the H.M.S. NYMPHE in New Zealand - 1876
Description of the NYMPE
as reported in the EVENING POST Evening Post, 30 MAY 1876
.. As H.M.S corvette Nymphe will be stationed at Wellington during the sitting of Parliament, the following from the Dunedin Guardian may interest our readers:- The Nymphe is an ordinary wooden ship with iron beams, and was built at Woolwich in 1866, her measurment tonnage being 1084. She is rigged as a barque, and is a well-modelled vessel of her class, armed at the bow with a steel ram fitted to a watertight compartment. Her steam power consists of two three-cylinder engines by Maudesly, nominally of 300 horse power, and capable of being worked up to 2872 horse power.
She is armed with nine sixty-four hundred-weight guns, four of a side, and a bow gun, and from her appearance would evidently prove a ost formidable antagonist should circumstances cause her to engage in strife.
The Nymphe has been in commission about fifteen months, and during that time has been employed cruising the Western Australia to the Solomon Islands, Sydney, and Fiji. Among these islands she remained five months, during which time she made several cruises to the Friendly Islands, and finally left or Auckland, at which port she arrived on the 19th of April, meeting the Commodore's squadron.
Her presence here is due to the fact of her requiring coal in order to carry her through a cruise of inspection to the Auckland, Campbell, and Chatham Islands. From thence she is under orders to proceed to Wellington in time for the approaching session of Parliament, and will become the senior officer's ship on this part of the station.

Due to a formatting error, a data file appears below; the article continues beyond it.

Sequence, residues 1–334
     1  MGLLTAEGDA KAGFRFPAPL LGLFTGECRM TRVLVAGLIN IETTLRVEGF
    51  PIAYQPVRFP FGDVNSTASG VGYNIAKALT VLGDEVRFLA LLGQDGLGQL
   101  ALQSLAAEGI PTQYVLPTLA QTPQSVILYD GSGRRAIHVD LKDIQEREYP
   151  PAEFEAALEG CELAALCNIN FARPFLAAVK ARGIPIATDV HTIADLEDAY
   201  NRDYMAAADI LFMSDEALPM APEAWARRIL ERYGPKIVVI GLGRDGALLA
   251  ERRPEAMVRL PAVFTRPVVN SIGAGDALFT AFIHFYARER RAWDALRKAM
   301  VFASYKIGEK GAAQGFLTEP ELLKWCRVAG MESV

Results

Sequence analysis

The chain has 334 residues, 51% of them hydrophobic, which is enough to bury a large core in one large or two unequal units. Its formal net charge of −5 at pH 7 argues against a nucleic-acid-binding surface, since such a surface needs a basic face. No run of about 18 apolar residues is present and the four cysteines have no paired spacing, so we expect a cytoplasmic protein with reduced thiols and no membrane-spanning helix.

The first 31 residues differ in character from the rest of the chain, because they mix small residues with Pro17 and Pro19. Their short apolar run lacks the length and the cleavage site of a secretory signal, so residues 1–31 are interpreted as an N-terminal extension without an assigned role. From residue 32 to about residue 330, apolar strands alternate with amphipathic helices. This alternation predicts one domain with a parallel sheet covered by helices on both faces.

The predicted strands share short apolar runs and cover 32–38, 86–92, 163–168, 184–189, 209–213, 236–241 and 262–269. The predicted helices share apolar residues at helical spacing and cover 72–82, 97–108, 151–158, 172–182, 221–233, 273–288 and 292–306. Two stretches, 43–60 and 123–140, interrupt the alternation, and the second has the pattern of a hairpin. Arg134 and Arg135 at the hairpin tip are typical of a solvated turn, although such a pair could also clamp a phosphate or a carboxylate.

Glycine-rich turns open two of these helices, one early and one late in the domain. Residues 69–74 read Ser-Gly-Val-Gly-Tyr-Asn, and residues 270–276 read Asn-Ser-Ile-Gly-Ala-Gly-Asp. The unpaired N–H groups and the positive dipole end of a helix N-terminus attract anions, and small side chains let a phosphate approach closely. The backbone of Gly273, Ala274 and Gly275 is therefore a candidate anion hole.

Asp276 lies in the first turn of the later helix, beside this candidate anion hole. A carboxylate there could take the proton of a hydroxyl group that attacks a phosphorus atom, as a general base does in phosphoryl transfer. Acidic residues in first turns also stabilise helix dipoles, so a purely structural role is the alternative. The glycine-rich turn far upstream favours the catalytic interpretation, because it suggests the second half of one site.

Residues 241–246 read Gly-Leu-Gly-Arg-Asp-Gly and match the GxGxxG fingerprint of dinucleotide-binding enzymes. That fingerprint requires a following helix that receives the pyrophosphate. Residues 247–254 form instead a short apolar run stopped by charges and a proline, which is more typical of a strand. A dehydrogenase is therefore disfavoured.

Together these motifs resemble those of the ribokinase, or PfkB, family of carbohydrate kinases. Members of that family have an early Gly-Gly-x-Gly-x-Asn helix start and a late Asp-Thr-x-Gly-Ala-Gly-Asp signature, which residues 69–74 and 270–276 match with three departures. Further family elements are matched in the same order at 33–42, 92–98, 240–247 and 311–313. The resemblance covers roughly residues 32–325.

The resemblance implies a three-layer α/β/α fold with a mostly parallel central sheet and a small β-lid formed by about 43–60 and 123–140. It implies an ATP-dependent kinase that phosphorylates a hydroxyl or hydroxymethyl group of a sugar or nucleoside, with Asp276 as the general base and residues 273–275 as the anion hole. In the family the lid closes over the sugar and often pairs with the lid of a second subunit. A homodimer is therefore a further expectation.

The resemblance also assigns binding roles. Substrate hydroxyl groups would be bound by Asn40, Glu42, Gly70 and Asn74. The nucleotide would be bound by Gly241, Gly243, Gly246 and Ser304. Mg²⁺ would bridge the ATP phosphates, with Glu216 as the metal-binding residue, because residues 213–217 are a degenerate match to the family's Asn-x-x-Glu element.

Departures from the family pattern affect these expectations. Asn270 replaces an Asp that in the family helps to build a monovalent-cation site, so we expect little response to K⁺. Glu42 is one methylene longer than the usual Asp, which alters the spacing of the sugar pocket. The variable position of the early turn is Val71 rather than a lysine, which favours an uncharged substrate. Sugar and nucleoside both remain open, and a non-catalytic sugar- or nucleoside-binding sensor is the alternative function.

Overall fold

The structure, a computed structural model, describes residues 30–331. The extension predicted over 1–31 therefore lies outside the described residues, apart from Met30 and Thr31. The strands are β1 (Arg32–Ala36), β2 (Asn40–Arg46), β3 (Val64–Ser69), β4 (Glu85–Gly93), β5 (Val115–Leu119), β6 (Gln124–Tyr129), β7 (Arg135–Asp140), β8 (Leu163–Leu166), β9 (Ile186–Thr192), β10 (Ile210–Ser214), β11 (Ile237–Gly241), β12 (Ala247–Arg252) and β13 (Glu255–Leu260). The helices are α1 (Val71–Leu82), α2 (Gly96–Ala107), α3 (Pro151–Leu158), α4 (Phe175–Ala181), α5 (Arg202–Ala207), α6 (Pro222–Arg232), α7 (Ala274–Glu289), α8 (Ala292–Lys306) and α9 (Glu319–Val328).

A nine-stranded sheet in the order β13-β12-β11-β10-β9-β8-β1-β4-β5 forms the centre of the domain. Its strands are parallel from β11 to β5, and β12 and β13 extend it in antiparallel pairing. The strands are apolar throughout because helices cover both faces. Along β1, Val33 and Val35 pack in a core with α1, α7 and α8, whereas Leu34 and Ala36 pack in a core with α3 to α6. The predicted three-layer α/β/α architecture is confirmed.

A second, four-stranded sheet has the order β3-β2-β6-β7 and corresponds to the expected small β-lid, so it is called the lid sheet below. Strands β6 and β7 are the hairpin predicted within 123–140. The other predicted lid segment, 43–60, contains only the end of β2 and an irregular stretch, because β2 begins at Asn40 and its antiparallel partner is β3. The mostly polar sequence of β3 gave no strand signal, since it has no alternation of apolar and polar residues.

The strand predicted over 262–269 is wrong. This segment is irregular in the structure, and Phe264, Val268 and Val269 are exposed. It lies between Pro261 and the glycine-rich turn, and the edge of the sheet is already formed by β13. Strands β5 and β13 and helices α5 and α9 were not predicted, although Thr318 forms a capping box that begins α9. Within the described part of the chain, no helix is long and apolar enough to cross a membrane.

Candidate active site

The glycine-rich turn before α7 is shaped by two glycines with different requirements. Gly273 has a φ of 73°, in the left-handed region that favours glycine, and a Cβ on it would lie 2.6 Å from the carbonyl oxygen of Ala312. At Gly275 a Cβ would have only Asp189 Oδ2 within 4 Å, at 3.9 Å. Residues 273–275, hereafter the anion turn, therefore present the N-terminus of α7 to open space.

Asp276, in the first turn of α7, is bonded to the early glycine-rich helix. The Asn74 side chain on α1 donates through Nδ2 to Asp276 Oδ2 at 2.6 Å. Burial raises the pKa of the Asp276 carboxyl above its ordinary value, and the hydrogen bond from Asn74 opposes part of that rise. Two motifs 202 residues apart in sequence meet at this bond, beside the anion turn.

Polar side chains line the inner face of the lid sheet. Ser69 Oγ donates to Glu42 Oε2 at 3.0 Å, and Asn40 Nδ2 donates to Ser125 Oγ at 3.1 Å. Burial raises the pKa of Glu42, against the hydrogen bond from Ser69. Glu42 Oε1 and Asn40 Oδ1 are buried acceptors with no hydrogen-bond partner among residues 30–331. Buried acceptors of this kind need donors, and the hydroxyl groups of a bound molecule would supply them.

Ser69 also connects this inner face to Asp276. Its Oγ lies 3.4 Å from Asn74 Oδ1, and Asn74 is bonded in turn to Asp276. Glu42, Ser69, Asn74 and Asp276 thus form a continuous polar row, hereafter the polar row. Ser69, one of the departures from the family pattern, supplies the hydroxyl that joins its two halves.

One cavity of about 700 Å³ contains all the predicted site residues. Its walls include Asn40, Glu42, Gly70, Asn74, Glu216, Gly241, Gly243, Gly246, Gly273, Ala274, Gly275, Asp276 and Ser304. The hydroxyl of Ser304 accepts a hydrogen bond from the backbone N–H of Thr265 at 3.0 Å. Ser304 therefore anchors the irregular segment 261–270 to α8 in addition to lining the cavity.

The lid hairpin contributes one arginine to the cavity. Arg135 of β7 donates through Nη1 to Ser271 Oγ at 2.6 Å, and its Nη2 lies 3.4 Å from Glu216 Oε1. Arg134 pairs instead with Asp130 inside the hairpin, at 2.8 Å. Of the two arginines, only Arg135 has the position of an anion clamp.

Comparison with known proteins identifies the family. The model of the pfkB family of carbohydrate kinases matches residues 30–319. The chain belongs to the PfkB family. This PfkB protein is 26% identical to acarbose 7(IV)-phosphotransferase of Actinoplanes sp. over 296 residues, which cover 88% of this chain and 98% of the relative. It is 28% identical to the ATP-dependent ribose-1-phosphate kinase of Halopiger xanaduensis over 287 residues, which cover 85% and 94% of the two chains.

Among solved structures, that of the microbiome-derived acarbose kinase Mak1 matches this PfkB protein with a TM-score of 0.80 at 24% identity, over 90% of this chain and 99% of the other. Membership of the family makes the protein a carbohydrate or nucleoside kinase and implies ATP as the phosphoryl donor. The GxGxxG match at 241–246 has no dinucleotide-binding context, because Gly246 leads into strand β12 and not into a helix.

She carries a complement of 170 men, including a sergeant's detachent of 24 marines. The Nymphe sailed from Port Chalmers for the Auckland Islands on Thursay afternoon
EVENING POST, 13 June 1876
ARRIVAL OF H.M.S. NYMPHE
... H.M.S. Nymphe was signalled off the Heads this afternoon from the Auckland Islands, but arrived too late to enable us to give an account of her trip. She will be stationed in Wellington during the present session of Parliament. We gave a description of her about a fortnight ago.
The following is a list of her officers:-
* Francis G. SUTTIE;
* Cosmo F. M. GORDON
* Thomas E. COCHRANE
* Staff-Surgeon, Astley COOPER
* Paymaster, William H. WHICHELO
* Chief Engineer, William IRONMONGER
* Francis E. GROUBE
* Allan B. LESLIE
* Surgeon, Archibald McKINLAY
* Assistant-Paymaster, Alfred H. L. GILES
* Engineer, William H. G. WEBB
* Assistant-Engineer, Robert W. EDWARDS
* Gunner, Henry ARNOLD
* Boastwain, Thomas BURNETT
* Carpenter, J. HENDEROSN
* Midshipman, Walter GREY
28 July 1876 she arrived into the Port of Tauranga from Auckland
the BAY OF PLENTY TIMES recorded
... H.M.S. Nymphe, Captain Francis G. SUTTIE, arrived in harbour from Auckland at eleven o'clock yesterday morning, and anchored in the man of war anchorage. The Nymphe is a screw sloop of 1574 (1084) tons, and 2171 (300) horse power, carrying 9 heavy guns
... Lieutenant Cosmo Gordon and Mr Whichelo will be welcomed by many old friends, these officers having both been here before in H.M.S. Rosario; which vessel, it will be remembered, lay opposite the Masonic Hotel for many weeks during the troublous times in 1870
Francis Edmond Groube (1853-1932)
was half brother of George Groube (1839-1900) who died in Carterton, Wairarapa
They shared the same father, George Bromley Boulderson Groubie.
George's mother was Pauline Lily & had married his father in Calcutta in 1838. Nothing known about Paulina. His father next married Charlotte Carne BOULDERSON (1816-1878) in 1841 in Bombay and had 12 children. Francis Edmond Groube was their 9th child
OF INTEREST the name Boulderson runs down through both sides of the family
The HMS NYMPHE was an Amazon-class sloop, of the Royal Navy, built at the Deptford Dockyard and launched on 24 November 1866. She served in the East Indies and Australia, and was sold in 1884.
- some of the GROUBE family were born in the East Indies
PHOTO of the HMS NYMPHE's sister ship the HMS DRYAD (1866)